Clients Beware! The Pitfalls Of Social Media In Divorce

Social Media is a permanent and public diary; you might find this an exaggerated definition however in divorce proceedings it’s pretty accurate. The advent of Twitter and Facebook has created a society which ‘shares’ constantly: the things we like, what we do, where we go, how we feel. Scrolling through a social media feed will show a seemingly endless record of feelings, places, likes, dislikes, interests, relationships, cries for help. But what is the danger of this? For anyone going through a divorce an online record can come back to haunt them during proceedings, things that you thought were perfectly innocent could be construed to mean something very different. Your character will be questioned, criticised and probed all based on who you are on Facebook.

Clients should be wary and follow our four golden rules for social media during a divorce

What does it say about me?

During the turmoil of a divorce it is perfectly common for you to act outside of your usual character; perhaps you start drinking more than you usually would, you might post infuriated updates about your ex or stay out late with friends. Whilst all of these instances are understandable in the circumstances, it might be construed that you show poor parental judgement, drink too much and have an anger problem. This could all of course be detrimental to your case, especially if it involves child matters.

Bite your tongue, silence your keyboard

Sometimes in divorce proceedings there are situations which are very upsetting or decisions made which seem unfair and unjust. Posting anything about a judgement or the judge is never a good idea and probably won’t sit well if it ever comes to their attention. Bad-mouthing your former partner is also big no-no as disparaging the other party or allowing your “friends” to do so online will be frowned upon. Remember your posts might be used tactically in court or outside of court . as emotional ammunition.

Privacy and who you can trust

You might be reading this thinking ‘I’m fine my profile is private’. This is a common pitfall in legal proceedings. Your profile might be set up so only your “friends” can see what you post but have you remembered who your “friends” are? Your former partner only need contact one of your online connections to get complete access to your profile, have you forgotten your sister in law, or your ex’s best friend – are they still in your friends list – even your ex might be there. Go through your list and question your relationship to the people you are connected to, more importantly question your former partners relationship with them. Sometimes even if you are online friends with your children, this could be used as a way to access your “private” profile, if they use the computer at your former partners house or even leave their devices around. The safest option is to trust nobody for the time being, or at least be very selective in what you post and who you post it to.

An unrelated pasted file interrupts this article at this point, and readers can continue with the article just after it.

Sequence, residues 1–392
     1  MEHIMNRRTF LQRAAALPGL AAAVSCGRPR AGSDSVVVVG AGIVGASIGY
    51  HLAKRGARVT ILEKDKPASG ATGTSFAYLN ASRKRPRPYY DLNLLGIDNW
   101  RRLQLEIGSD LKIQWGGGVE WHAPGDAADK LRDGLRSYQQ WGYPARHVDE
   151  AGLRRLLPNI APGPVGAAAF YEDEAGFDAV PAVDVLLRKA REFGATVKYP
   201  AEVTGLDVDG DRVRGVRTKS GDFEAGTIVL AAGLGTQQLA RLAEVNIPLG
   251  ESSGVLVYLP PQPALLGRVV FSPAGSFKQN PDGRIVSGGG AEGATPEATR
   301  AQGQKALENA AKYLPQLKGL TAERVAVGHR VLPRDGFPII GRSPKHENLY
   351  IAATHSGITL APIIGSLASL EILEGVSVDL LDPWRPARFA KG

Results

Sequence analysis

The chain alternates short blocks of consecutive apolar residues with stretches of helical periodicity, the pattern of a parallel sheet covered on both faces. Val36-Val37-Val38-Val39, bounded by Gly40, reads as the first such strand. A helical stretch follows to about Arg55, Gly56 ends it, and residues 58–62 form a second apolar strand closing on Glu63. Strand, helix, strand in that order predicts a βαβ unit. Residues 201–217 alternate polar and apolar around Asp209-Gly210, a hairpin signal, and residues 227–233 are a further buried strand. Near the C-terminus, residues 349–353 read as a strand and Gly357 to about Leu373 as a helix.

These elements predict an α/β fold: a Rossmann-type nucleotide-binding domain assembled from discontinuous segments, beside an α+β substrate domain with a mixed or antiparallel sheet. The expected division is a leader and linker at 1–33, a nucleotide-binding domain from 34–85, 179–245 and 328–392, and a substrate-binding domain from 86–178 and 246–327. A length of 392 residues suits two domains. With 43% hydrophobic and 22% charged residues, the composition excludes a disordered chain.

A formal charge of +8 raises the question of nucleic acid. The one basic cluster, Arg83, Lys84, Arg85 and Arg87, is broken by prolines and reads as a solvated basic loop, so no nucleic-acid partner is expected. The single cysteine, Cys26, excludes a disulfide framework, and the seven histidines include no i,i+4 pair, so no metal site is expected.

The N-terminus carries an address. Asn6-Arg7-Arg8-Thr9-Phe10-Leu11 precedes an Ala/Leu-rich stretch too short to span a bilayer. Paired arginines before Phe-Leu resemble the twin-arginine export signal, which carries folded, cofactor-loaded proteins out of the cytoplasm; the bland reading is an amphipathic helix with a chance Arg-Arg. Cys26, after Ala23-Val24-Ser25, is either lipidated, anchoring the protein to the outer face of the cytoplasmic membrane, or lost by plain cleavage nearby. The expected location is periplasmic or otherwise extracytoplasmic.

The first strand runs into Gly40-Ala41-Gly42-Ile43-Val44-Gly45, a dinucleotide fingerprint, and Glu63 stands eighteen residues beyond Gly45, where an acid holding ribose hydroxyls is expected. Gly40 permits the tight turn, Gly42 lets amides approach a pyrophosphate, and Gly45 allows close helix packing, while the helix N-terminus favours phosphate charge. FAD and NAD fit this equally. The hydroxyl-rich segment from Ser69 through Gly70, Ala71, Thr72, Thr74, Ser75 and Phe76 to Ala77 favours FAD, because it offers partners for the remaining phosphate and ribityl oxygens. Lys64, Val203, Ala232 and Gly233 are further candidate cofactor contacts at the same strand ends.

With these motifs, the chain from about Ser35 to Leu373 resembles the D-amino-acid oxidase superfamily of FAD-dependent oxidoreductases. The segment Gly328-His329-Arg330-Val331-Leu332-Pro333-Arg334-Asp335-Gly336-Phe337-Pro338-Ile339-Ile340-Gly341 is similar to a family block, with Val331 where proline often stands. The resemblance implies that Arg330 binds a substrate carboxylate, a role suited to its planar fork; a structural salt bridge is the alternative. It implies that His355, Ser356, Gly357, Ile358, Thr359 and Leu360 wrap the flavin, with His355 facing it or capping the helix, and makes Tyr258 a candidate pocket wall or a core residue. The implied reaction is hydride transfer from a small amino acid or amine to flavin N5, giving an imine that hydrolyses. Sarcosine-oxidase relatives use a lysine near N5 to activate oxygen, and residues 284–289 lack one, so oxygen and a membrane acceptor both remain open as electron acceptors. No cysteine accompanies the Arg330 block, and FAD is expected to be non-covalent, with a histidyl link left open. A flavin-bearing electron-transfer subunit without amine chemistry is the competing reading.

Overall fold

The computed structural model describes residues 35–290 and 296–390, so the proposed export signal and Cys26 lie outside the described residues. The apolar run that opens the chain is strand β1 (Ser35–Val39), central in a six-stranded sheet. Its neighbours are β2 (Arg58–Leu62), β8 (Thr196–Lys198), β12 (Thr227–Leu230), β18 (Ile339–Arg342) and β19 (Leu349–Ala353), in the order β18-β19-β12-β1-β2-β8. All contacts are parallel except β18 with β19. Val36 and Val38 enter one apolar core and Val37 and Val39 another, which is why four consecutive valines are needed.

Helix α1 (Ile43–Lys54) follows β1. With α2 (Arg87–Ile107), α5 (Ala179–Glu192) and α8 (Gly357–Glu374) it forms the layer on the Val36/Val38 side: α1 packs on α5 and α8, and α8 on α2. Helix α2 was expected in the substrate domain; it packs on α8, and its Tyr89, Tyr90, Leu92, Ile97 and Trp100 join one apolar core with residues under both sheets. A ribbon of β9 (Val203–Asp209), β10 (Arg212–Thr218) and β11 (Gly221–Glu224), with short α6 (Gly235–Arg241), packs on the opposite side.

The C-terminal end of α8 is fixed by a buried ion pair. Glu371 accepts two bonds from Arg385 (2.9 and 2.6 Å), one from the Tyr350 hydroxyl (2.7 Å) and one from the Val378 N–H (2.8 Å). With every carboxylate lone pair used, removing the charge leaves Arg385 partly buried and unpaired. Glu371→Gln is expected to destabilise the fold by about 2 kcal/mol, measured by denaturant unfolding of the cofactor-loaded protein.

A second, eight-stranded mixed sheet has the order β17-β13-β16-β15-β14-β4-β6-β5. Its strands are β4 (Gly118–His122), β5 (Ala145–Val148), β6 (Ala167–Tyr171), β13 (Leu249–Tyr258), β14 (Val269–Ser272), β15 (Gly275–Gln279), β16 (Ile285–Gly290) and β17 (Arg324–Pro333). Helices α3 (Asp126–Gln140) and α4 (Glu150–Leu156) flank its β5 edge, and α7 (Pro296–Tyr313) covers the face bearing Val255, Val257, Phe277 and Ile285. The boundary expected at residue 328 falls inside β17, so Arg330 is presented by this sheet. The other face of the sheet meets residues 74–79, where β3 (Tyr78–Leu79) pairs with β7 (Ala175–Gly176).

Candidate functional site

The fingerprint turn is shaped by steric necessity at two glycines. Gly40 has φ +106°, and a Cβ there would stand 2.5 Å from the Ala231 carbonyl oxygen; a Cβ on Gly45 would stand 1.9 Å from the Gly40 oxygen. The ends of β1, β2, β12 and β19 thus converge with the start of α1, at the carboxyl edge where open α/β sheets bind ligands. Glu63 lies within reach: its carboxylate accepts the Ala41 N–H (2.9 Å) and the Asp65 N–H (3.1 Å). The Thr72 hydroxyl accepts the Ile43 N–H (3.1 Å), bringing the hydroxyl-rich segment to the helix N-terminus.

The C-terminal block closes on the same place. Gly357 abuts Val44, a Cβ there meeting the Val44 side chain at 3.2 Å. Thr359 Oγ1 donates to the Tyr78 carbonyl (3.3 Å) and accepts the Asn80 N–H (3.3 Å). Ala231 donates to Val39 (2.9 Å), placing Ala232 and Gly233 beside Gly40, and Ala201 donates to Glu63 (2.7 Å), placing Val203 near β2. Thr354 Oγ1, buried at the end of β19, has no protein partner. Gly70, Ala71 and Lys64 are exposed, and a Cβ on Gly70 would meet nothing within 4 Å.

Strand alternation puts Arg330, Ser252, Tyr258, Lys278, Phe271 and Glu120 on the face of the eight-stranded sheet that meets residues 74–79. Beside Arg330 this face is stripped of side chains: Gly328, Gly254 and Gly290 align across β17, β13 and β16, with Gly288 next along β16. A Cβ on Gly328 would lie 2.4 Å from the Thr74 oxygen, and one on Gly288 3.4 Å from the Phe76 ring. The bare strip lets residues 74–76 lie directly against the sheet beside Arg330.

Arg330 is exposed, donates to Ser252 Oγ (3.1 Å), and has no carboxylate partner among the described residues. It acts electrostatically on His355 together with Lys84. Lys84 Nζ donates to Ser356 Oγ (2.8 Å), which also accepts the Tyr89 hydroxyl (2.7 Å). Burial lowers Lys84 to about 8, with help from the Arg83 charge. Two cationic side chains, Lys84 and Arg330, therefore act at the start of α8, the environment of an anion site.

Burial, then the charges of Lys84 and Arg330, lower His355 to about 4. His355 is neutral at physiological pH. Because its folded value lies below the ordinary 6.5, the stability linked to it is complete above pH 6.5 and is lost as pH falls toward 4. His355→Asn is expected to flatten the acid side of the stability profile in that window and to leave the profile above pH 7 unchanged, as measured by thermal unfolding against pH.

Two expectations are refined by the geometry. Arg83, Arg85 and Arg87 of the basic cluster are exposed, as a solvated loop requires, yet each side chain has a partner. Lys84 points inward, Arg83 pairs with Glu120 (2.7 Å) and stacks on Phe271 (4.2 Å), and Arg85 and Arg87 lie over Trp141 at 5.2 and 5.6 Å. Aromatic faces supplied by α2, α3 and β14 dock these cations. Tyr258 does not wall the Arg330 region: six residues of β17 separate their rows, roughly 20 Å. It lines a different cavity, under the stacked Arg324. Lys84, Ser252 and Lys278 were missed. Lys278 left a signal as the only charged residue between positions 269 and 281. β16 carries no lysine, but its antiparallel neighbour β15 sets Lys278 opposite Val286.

There are things which give us a giggle online, in return for the giggle we give the post a “like” or a “share”. Others don’t always see what we like or comment on as tasteful and unfortunately that can include a judge. Be conscious of what you are liking and commenting on as this can be used to suggest all kinds of mistruths about who you are as a person. How many times has a text you sent sent someone been seen as aggressive or rude when there was no such intention? This is the same for things you post you might think that it is clear and your meaning unambiguous, but written communication always runs the risk of being read in a different way. Be careful when posting pictures especially ones which show you having a glass of wine, on a night out or anything that could construed in the wrong way, look twice or even better just don’t post any. Be mindful of any terms or court orders imposed by a judge, question whether anything you post could be deemed as a breach of those terms, even if in reality it isn’t.

The moral of this article is to always exercise caution when posting, tweeting, likeing or sharing anything online. Perhaps the best advice is to deactivate social media profiles, at the very least whilst proceedings are on-going and especially if there are contested child matters. Everything can be misunderstood and the consequences of misinterpretation can be sometimes extremely detrimental. Pause, consider, unplug.

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